For 2017, Dr. Margaret Chan, Director-General of the World Health Organization, in her foreword to the World Report on Diabetes, notes a few points:
- Diabetes is on the rise.
- The disease has largely ceased to affect wealthy countries.
- Lack of effective policies to create an environment conducive to a healthy lifestyle.
- Lack of access to good healthcare.
- Lack of attention to diabetes prevention and treatment, especially in the case of low-income people.
- If this is not taken care of, there will be serious consequences for health and well-being.
- Devastating economic impact at all levels in the absence of treatment and prevention.
- cost of insulin
- commitment of social leaders
“It is a daunting task and that is why I welcome the publication of the World Diabetes Report, the first of its kind. The report makes an important contribution to furthering our understanding of diabetes and its impact. It also helps gain insight into the prevalence of diabetes, the role of hyperglycemic states (including diabetes) in premature mortality, and the steps governments are taking to prevent and control the disease.”, Chan pointed.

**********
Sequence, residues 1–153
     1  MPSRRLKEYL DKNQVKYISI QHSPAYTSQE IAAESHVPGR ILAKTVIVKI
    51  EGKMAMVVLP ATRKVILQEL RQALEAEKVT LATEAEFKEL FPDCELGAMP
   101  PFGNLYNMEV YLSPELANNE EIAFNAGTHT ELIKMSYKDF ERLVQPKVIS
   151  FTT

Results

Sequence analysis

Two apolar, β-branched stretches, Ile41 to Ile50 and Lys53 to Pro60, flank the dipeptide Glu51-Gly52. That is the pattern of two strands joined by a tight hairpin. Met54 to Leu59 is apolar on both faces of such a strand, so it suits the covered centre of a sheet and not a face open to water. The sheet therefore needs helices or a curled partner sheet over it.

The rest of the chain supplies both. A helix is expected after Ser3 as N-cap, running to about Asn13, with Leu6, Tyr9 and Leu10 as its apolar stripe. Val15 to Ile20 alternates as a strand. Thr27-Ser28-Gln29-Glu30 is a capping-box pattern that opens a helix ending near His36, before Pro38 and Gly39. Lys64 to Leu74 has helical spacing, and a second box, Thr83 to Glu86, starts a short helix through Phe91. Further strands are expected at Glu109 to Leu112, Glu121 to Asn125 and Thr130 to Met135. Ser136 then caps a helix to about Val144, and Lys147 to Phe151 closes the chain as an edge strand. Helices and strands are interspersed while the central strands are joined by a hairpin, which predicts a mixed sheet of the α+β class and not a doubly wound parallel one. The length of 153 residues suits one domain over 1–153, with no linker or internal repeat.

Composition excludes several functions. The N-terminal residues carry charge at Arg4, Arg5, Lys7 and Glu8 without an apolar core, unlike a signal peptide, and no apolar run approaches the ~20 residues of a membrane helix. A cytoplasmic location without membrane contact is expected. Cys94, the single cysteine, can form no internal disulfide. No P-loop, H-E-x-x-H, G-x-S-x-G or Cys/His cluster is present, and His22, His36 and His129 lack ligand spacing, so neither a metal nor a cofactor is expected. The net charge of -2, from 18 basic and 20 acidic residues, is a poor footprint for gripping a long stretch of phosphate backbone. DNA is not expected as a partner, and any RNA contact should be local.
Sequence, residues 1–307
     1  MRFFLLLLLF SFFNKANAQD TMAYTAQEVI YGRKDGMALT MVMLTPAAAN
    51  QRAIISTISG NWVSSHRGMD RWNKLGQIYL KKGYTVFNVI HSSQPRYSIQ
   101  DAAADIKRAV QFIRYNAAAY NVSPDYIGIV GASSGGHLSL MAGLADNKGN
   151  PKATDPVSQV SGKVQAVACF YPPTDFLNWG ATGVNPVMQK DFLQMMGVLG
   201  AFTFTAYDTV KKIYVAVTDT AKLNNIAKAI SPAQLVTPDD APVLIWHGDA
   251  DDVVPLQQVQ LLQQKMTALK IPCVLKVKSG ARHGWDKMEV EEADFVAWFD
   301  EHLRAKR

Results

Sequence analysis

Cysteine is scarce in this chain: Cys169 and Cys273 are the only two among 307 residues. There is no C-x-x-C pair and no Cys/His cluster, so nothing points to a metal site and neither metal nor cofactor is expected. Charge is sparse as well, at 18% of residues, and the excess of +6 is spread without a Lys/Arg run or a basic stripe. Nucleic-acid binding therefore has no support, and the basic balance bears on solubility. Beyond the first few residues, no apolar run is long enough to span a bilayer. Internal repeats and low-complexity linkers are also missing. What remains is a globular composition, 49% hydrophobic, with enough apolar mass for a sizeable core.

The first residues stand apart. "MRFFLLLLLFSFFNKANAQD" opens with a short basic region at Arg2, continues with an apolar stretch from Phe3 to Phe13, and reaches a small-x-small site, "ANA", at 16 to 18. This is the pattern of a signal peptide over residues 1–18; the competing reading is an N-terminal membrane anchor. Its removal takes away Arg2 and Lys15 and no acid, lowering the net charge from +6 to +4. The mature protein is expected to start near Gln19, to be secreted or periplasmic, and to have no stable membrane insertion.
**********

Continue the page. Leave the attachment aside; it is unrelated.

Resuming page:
In conclusion, he said: “I urge readers to help me see that the results of this report are used and the recommendations put into practice so that I may ultimately slow the development of diabetes.”
Now, five years later, figures are mounting and commitments have not been met